Let's say I get my little 2 meter FM handheld out and make a little sine-wave generator with which I pulse a morse code and if I connect it to headphones a speaker, I hear the dits and dahs of a nice sine wave tone. Now let's say I connect this to the microphone port on my transceiver with the VOX setting turned to detect when I am entering the morse.

Is this allowed, or is it illegal because of the wasted bandwidth when I could just use carrier?

My country is the USA.

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    $\begingroup$ When asking whether something is legal, please specify the locale. Regulations differ wildly by country and an activity that is allowed in one locale may be illegal in another. $\endgroup$
    – user
    Commented Oct 26, 2013 at 15:15

2 Answers 2


Completely legal. In fact, it's common practice to identify repeaters (both in the amateur service and in public safety/commercial) with exactly this method.

That said, you likely won't make many QSOs with it. There aren't many people who would be prepared to immediately respond if they started hearing FM morse on 146.52 (the typical hailing frequency for simplex operators on the 2m band), compared to people down in the CW section of the band.

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    $\begingroup$ It would be helpful (when citing frequencies) to clarify the location. For example, here in the UK, 146.xxMHz is out of band!! $\endgroup$ Commented Oct 26, 2013 at 6:04
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    $\begingroup$ @AndrewM6ADB It would be helpful if questions asking whether something is legal would clarify the location, IMO. $\endgroup$
    – user
    Commented Oct 26, 2013 at 15:14

tl;dr: It's legal on any VHF or above frequency where phone modes are permitted. It is not allowed on HF or below, nor where phone modes are not allowed.

What you have described is called "Modulated Continuous Wave" (MCW), as defined in the US amateur radio rules under 47 CFR §97.3(c)(4), and would have the emission designator F2A. (The usual CW used on HF has emission designator A1A.) In areas regulated by the FCC, it is not legal on frequencies below 50.1 MHz, between 144.0 and 144.1 MHz, or between 219 and 220 MHz. It is legal on any other amateur frequency.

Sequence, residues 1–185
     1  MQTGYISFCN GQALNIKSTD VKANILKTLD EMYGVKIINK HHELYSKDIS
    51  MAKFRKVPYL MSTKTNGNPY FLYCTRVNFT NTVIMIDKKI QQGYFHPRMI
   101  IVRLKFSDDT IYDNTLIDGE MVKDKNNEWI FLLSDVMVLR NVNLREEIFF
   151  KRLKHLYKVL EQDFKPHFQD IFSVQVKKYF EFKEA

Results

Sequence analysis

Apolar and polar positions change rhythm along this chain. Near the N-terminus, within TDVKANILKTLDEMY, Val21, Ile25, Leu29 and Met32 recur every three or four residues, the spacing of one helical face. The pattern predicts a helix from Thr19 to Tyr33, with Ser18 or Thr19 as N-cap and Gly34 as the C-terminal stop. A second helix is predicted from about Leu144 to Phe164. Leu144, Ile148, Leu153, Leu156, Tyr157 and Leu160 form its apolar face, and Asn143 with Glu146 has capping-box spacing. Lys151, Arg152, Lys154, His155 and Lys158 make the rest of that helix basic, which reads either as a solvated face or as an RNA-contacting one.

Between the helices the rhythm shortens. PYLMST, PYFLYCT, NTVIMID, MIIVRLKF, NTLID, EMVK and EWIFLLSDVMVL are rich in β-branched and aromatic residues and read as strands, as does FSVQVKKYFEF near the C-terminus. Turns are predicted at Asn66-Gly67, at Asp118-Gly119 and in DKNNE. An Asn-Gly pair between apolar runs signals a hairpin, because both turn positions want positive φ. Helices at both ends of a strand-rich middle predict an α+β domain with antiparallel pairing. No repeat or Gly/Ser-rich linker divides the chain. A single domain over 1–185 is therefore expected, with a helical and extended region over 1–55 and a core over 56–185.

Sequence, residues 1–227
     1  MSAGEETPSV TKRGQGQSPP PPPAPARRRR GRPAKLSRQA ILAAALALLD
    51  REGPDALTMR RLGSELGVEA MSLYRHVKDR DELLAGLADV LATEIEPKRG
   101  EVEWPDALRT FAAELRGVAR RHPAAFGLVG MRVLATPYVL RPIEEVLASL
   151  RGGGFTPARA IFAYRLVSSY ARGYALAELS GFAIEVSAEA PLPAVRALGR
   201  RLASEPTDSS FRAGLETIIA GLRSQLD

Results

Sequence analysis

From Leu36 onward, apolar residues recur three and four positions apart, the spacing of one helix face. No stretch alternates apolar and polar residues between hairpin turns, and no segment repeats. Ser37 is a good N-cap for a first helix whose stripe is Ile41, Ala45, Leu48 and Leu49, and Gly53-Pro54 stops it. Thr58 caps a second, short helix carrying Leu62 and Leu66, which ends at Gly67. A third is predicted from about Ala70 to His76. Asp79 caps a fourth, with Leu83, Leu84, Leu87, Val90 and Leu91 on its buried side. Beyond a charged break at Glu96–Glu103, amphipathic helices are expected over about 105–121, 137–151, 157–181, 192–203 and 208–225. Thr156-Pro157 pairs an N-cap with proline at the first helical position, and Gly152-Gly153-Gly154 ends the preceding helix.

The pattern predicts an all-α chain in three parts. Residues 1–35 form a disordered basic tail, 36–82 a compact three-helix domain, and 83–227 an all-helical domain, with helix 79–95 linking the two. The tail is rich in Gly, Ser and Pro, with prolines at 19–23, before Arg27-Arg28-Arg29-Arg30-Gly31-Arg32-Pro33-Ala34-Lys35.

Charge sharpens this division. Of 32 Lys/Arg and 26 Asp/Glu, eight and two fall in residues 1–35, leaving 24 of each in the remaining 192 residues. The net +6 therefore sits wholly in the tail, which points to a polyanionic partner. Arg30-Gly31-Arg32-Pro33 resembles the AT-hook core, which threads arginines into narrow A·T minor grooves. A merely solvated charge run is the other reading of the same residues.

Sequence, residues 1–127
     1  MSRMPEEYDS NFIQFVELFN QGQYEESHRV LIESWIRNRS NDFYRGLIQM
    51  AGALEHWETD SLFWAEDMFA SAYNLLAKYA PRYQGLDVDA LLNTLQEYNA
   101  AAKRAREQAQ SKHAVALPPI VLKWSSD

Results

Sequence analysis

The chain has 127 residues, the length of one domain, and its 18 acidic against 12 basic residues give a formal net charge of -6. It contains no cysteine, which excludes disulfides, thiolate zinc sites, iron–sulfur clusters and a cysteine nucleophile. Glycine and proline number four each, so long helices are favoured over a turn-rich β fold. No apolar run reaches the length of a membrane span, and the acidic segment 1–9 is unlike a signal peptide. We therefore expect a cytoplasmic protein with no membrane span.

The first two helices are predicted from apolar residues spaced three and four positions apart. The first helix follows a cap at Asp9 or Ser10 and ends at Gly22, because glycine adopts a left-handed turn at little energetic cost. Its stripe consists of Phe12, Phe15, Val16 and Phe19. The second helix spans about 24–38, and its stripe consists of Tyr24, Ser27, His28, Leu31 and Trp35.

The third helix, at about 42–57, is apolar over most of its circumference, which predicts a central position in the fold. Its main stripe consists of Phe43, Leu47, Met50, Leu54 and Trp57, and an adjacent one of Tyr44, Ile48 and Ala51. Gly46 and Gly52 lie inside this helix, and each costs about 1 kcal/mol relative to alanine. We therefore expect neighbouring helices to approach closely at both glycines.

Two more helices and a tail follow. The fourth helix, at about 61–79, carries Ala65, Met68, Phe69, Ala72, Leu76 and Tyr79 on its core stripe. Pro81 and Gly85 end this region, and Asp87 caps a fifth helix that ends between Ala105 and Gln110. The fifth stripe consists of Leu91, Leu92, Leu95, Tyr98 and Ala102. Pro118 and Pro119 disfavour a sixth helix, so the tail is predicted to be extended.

MCW is commonly used for automated identification of FM voice repeaters.

It is worth noting that some software capable of transmitting the many HF digital modes via an SSB transceiver can also generate CW in the same fashion. When transmitted this way through an SSB transceiver, it is technically emission designator J2A, which is still within the definition of proper CW. In areas regulated by the FCC, proper CW is legal on any frequency allocated to the amateur service (subject to certain limitations on the 60m band).


  • $\begingroup$ Can you clarify that last bit about MCW-over-SSB being ‘proper CW?’ Are you saying N-kHz-deviation SSB is legal on the CW-only bands if it's encoding morse, that is, MCW!? Really? $\endgroup$ Commented Nov 9, 2016 at 20:21
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    $\begingroup$ The transmitted signal on SSB only exhibits deviation of the actual bandwidth of the audio input, up to the filtering in the transmitter. Microphone-captured audio, typically containing human speech, will usually exhibit, give or take, the full signal width. But if your input audio is 600-Hz tone, the only actual signal that is leaving the transmitter is that tone, shifted up 600 Hz from the suppressed carrier. This is, essentially, how digital modes work (eg, PSK31 or AFSK). Regardless of the 2.7kHz SSB bandwidth, SSB modulation only carries the actual audio data, at its own width. $\endgroup$
    – James NF8I
    Commented Dec 5, 2016 at 3:46
  • $\begingroup$ @ELLIOTTCABLE what comes out of the radio (so long as everything is tuned up properly) isn't MCW, it's CW. And "deviation" isn't really a proper term to use in relation to SSB. MCW applies to A2A and F2A. $\endgroup$ Commented May 31, 2018 at 0:57

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